6 Tips for Choosing Backdrops & Surfaces

When it comes to choosing backdrops and surfaces for your product shoot, there are so many choices! It's fun to experiment with different colors and textures to see what works best for your products and brand. The photo below shows the same group of items on 4 different backdrops. The color, textures and patterns of your backdrop/surface can powerfully affect the style and mood of a photo.

Here are some tips that I hope will help you have success in finding materials that look great in photos and support your brand.

Also - don't forget to grab your FREE Shoot Setup Blueprint at the bottom of the post!

1. I highly recommend using a seamless backdrop. In the first 3 photos above, I used fabric as a seamless backdrop. But one of my favorite things to recommend is actually just plain bulletin board paper. (It's inexpensive and easy to find!). Whether you use fabric or paper, you're just going to attach it to the wall (or a backdrop stand) and pull it down over your table. So it's just one material that acts as a surface and backdrop. The reason I recommend this is because it gives a really beautiful, professional look and it makes composition much easier because there are no table edges to consider.

2. Whatever materials you use, make sure they're matte, not shiny. The reflections from a shiny surface can really ruin your photos- trust me I've tried and it was a bad experience!

3. The colors of your backdrop and surface should fit with your brand colors. If you have 2-5 main brand colors, your backdrop/surfaces should be one of these colors or a shade of one of these colors.

4. I typically recommend also choosing neutral colors for your backdrop/surface. This isn't a hard and fast rule, but sometimes when your backdrop/surface is brightly colored, this color will reflect onto your product and not look so great. So just be aware!

5. You'll want your backdrops & surfaces to be clean and wrinkle free. Your photos will look much better and you can avoid having to take them into Photoshop to fix bad areas of the photo. With any fabric I use often, I steam it then attach it to foam board with spray adhesive so it won't get wrinkled again. If you're using a heavy fabric like canvas, you can roll it up over a wrapping paper tube and store it that way.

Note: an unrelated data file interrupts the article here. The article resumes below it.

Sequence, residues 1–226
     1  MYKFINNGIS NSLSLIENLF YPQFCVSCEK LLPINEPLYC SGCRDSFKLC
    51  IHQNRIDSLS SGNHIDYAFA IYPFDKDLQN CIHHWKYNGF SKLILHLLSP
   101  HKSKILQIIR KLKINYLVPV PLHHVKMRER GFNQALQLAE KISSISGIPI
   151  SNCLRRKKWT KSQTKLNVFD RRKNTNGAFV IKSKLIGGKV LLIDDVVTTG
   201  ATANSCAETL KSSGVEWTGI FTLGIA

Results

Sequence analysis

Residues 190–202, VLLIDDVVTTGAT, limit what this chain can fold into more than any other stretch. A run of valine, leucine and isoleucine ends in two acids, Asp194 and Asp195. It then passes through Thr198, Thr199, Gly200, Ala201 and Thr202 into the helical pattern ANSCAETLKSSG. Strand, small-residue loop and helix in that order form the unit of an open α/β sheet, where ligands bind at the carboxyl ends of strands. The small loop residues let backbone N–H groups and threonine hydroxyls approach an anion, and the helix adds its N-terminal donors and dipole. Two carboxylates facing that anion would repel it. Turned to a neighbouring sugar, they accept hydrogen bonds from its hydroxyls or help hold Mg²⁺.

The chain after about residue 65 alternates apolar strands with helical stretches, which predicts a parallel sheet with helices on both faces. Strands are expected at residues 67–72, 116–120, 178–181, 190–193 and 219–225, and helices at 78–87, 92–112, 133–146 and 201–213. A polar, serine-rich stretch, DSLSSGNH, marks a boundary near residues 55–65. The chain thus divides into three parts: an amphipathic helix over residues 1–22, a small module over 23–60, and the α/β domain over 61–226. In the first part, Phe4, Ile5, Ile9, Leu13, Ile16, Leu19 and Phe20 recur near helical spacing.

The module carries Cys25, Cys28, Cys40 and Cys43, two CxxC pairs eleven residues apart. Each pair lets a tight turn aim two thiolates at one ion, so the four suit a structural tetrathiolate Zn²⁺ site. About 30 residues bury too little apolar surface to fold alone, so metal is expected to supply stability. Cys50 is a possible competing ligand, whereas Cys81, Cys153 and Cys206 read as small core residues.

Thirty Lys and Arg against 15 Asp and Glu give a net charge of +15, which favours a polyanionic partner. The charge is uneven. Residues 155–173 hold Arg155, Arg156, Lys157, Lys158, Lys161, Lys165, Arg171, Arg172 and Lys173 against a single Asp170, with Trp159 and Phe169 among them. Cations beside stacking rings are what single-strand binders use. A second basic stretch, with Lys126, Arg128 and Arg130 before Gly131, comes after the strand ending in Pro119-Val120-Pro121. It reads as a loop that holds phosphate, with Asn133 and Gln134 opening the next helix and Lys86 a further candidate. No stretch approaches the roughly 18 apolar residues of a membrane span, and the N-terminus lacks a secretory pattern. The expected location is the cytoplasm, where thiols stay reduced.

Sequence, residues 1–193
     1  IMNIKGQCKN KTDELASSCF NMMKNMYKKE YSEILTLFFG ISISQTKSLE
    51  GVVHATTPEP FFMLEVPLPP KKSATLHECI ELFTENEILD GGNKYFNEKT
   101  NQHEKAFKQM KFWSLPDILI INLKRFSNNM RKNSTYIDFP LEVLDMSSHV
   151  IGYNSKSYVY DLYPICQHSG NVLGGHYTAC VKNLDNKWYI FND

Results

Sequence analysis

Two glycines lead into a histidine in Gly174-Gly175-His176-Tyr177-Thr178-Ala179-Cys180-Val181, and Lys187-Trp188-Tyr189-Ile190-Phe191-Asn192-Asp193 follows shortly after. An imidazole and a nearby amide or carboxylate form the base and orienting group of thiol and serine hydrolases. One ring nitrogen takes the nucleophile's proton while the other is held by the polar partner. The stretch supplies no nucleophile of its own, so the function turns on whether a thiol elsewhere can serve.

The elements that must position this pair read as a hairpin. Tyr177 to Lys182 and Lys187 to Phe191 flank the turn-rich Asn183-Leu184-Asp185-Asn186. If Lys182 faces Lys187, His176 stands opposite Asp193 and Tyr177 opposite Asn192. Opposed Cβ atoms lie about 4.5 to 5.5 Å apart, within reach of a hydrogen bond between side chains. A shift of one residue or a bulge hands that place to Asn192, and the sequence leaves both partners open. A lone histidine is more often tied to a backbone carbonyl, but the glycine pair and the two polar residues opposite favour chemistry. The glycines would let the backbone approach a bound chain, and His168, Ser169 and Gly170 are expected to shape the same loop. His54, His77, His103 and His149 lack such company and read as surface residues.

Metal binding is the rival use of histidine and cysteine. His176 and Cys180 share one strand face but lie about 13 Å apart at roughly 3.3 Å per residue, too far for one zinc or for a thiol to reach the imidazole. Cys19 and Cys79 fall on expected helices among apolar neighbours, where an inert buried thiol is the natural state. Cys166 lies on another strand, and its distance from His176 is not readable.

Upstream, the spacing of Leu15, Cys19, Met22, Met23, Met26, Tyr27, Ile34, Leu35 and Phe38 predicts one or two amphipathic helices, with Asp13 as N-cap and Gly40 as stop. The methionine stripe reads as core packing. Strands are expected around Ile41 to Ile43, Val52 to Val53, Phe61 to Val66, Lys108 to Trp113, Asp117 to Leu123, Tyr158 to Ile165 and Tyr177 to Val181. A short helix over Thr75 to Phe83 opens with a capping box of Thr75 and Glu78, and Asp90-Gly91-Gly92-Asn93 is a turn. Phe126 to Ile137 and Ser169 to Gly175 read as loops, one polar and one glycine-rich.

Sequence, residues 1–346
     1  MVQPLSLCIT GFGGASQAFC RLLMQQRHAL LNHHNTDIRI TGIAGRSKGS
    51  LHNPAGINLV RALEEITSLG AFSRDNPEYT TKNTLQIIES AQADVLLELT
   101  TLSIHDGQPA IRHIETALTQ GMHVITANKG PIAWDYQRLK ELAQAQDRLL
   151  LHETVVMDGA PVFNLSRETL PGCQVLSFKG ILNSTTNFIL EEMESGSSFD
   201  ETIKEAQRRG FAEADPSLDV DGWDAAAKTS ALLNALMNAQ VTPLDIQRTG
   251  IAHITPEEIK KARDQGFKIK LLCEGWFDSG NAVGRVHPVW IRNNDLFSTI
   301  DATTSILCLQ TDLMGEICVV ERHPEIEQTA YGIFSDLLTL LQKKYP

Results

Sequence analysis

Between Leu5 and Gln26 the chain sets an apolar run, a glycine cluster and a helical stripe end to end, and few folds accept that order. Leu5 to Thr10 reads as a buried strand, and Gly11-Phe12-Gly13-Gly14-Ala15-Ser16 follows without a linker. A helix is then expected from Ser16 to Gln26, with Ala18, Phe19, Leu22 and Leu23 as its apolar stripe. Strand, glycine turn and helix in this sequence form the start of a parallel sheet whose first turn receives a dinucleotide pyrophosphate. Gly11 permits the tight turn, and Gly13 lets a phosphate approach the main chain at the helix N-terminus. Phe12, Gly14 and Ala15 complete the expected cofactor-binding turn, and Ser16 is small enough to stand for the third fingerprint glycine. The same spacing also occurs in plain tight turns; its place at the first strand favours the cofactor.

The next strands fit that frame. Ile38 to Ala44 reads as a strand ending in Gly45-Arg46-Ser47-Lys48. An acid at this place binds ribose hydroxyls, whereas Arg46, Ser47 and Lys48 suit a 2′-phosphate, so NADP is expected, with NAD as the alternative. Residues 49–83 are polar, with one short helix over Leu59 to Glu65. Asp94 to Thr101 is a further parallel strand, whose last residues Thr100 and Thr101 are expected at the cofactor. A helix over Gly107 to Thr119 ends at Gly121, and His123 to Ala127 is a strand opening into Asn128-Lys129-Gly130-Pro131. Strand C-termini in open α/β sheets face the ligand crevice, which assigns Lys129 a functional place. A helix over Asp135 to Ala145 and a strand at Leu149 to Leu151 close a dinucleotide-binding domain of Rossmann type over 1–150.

6. Be sure your backdrop/surface is large enough for your product. This seems obvious, but there's been many times when I've been tempted to grab a piece of tile or material for a shoot, knowing it's not quite large enough. You're setting yourself up for frustration if you take the time to plan and prepare for a shoot only to start shooting and realize your backdrop/surface isn't large enough! So what's big enough? Well it depends on your product and what other items you plan to include. A backdrop about 30" wide or so will typically work fine for small and medium sized products (products the size of a pumpkin or smaller). The pancake shots below were shot on a piece of tile about 18" x 18" and it worked fine. You may need a smaller or larger piece of material, but getting a piece larger than you think you need is a great idea because it will give you more flexibility when shooting.

This tile is 18"x18" and it worked great. However, this is actually a small salad plate (it's not much larger than the standard sized napkin shown) so I'm not sure it would've worked as well with a larger place setting.

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Want a visual on exactly how to set up your backdrop and product, and where to stand with your camera?

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